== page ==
H Statements

Hazard Statements, or H Statements are part of the labelling information within GHS and CLP.  The short codes (H200 etc), which refer to the H Statement text, are considered to be part of the classification, see https://ttenvironmenta.wpengine.com/clp-knowledgebase/clp-ghs-classifications/ .

The full classification information does NOT appear on the label (unless it is placed there voluntarily), only the H statement (which can include the H code, but this is optional and often omitted to save space).

There are three types of H statement:

  • H200s, covering physical hazards
  • H300s, covering health hazards
  • H400s, covering environmental hazards

List of CLP classifications and H Statements (GHS-only in italics): List of GHS-CLP classifications with full H Statements to 8th ATP and GHS Rev 7 v4.1 .

In most cases, there is a 1:1 relationship between the classification and H statement.  This means that the classification can be derived from the H statement information on the label.

However, in some circumstances there is more than one classification available for a particular H statement, e.g. H300, Fatal if swallowed can refer to either Acute Tox 1 oral, or Acute Tox 2 oral classifications.

In this situation, you can only find out the full classification from the Safety Data Sheet information.  (This makes CLP-GHS less useful to the end user than a CHIP label used to be, where it was always clear from the label what the hazard type and hazard level was).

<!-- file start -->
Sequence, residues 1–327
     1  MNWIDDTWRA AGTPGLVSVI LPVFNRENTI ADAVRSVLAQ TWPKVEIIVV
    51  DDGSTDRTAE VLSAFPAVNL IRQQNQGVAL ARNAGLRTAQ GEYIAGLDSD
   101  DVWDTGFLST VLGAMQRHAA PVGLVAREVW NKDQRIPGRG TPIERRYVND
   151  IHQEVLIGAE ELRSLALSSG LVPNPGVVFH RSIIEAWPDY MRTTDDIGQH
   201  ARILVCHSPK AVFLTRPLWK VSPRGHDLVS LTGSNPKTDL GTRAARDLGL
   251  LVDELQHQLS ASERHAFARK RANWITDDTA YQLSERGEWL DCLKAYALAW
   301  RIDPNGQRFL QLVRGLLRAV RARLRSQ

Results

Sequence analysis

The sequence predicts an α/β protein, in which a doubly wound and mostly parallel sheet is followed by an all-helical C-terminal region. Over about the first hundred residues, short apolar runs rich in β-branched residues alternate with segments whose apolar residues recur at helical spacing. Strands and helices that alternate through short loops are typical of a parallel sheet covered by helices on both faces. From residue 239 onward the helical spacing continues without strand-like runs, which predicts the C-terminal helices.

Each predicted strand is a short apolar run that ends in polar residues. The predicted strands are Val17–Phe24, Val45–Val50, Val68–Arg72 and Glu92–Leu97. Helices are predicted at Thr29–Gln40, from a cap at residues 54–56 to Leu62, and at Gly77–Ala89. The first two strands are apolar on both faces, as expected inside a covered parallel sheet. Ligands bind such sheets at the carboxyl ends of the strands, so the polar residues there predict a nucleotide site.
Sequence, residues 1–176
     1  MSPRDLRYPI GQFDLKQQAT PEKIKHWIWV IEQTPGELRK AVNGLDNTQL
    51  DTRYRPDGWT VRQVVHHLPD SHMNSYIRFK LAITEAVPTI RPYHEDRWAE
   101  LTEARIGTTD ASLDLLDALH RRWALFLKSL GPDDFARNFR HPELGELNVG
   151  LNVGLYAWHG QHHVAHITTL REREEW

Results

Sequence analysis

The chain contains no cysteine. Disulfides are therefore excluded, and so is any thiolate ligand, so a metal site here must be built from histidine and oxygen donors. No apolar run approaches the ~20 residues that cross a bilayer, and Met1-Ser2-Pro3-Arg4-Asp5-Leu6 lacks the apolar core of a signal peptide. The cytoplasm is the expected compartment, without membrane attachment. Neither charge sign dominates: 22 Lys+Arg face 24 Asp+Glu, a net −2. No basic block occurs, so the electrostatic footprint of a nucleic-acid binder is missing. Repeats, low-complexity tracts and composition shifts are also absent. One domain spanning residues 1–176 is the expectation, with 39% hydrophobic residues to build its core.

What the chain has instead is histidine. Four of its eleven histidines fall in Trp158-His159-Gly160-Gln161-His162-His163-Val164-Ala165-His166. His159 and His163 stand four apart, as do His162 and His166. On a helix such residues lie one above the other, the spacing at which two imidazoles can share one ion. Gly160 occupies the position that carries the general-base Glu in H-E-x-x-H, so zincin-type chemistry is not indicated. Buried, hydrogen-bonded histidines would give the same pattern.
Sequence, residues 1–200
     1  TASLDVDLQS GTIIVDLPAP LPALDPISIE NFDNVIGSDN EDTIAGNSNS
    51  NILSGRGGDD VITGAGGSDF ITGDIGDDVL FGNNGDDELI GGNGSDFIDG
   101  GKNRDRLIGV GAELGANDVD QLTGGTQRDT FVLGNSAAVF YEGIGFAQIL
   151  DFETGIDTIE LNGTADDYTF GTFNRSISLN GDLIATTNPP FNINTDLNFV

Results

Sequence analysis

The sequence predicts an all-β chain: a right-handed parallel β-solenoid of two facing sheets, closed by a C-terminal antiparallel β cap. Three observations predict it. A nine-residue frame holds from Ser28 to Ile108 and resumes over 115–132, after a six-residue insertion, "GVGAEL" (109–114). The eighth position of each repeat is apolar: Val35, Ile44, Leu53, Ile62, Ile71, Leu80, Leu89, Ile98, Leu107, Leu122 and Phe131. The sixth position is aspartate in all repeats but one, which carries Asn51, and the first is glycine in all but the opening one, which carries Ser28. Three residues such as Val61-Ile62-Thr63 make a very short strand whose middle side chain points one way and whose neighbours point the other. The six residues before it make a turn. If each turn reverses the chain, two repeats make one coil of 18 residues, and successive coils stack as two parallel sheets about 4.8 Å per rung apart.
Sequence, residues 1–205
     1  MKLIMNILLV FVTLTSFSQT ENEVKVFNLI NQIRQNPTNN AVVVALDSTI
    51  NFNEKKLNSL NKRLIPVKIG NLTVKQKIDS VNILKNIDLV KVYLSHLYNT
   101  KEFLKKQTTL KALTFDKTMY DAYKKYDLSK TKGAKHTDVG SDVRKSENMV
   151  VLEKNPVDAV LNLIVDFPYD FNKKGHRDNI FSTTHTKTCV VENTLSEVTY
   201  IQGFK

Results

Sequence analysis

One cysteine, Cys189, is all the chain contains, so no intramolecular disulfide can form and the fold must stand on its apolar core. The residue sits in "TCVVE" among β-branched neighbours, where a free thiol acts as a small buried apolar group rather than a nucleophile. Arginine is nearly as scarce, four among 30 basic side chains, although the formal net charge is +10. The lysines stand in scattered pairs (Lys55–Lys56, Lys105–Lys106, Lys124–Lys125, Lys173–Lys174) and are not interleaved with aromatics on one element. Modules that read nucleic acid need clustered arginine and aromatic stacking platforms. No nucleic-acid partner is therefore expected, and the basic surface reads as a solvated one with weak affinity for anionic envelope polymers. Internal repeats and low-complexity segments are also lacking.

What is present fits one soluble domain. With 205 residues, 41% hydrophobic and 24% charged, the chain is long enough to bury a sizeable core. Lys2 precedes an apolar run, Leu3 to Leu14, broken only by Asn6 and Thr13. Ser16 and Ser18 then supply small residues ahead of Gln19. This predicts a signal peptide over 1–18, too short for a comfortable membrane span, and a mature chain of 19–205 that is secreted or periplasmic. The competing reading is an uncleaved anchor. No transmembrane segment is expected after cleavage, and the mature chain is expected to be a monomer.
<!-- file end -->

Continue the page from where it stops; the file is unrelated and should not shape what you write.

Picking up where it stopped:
A list of the differences between the H code and the rest of the CLP-GHS classification can be downloaded here: Differences between H codes v1.1 20-06-2017 .

CLP also requires some hazard information to be placed on CLP labels for materials with hazards not currently covered under GHS, and this is discussed in this knowledgebase article: EUH Statements 

Amending H Statements

H statements are complete sentences, which are not allowed to be altered in any way, and only a few are allowed to be combined together.  You cannot make up your own H statement text, as that does away with the consistency needed to ensure that hazards are understood by the reader.

Precedence of H Statements

There is very little precedence of H Statements, as most will be placed on the label.

  • Omit H400 if H410 present,
  • omit H318 if H314 present;
  • use H410 if H400 and either H411, H412 or H413 applies.

In all cases where precedence of H Statements is used on the label (and placed in section 2.2 of the SDS), the full classification (including H codes) must be placed in section 2.1 of the SDS.

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